It’s not something most homeowners think about when they decide on an extension. After all, it’s easy to forget about paperwork when you’re taking on such a big project. Yet the contract you agree with your contractor is one of the most important things you have in your control. Compared to everything leading up to it, construction is not only the most expensive part of your project, it’s also the part when the biggest headaches can occur.
From dodgy payment plans, poor quality workmanship, to unfinished builds, a good contract can protect you from these construction horror stories. So where do most homeowners go wrong? Let’s find out…
One of the most important elements in a contract is insurance. By neglecting to ensure the proper insurance is in place, homeowners put themselves at risk of huge costs, court proceedings, and all the legal fees and damages that go alongside this.
To make sure you’re protected, we recommend making sure you have the following insurance in place…
- Public liability insurance - this will ensure that you’re covered in the event that someone is hurt on your site, or if property is damaged.
- Employers’ liability insurance - it’s against the law for any contractor, who works for a company (whether someone else’s or their own), to not have this coverage. It’s there in the event the contractor is hurt on the job.
- Developer insolvency insurance - not essential but certainly recommended, this will protect you in the event your contractor goes bust, which is common amongst builder rogues.
Too vague on timings
You’ll want to make sure your contract matches your timing expectations, and to avoid any vague language around the completion date.
Alongside when the work will be finished, you’ll also want to look into the day to day timings of the build. Do certain elements need to be completed by a certain point? Say foundations being laid before a change in seasons. And what working hours will your contractors keep? If you’re paying a day rate, it’s worthwhile to establish about many hours you both expect to be working in a 24 hour period.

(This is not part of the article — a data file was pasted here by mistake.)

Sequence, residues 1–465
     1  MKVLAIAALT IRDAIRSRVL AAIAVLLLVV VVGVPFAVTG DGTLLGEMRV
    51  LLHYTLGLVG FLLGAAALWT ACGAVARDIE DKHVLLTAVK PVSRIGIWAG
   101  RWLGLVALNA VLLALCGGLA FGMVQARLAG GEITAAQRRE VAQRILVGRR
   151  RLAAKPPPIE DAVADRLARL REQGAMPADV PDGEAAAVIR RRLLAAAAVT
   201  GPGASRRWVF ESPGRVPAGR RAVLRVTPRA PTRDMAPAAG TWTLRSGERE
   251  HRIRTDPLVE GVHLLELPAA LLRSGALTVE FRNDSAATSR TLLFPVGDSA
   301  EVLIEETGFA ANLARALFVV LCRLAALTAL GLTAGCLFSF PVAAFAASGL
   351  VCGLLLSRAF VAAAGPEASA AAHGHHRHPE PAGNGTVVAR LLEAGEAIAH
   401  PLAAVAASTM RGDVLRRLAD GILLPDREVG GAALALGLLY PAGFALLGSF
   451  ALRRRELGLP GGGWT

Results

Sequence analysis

Another timing issue to consider is delays. Sometimes these can be unavoidable, but what is your contractor doing to avoid them, and what safeguards have they in place should they arise?
Bad payment plans
One of the biggest mistakes a homeowner can make is paying their contractor upfront. As a rule, you should never part with any cash until you’ve seen some results. If you pay upfront you run the risk of having your builder running out of money, declaring bankruptcy, and leaving your home in a state of disrepair. A good contractor should have the capital to fund your construction upfront, and receive payment either at the end or at certain milestones.
At Resi, we recommend our customers agree a milestone payment plan with their contractor. This means paying a small deposit up front, with further payments being released at certain construction milestones. For further protection, you can get a contract administrator (typically your architect) to evaluate the work on your behalf. This ensures every element of your build is to high professional standard, while also encouraging your contractor to keep to a defined schedule.
Using cash instead of card
Is your contractor asking to be paid cash in hand? Number one, this should be a huge red flag about your contractor's finances, and second, paying in cash means you’re less protected.
Though credit cards aren’t without their flaws, they do offer significant protection when it comes to big purchases. Under Section 75 of the Consumer Credit Act, your bank has to look into compensating your loss if a good or service is not delivered to you after payment. In order to qualify, you’ll need to pay more than £100 and less than £30,000. A good option for smaller construction projects.
Forgetting the little things
A good contract should address everything involved with construction - big and small. This includes all those little jobs that may not be at the forefront of your mind. For example…
- Tidying up - how and when will rubbish be removed from your site?
- Who will buy and hire the materials and equipment needed for your build?
- How and when will you receive receipts and paperwork?
- Will your contractor use subcontractors? And if so, how much work will be carried out by these other professionals?
- How are you protected if a subcontractor produces poor quality or unsafe work? Have they insurance?
If you’re unsure of your contract, you can either seek advice from your architect, or talk to https://www.citizensadvice.org.uk/ for further guidance.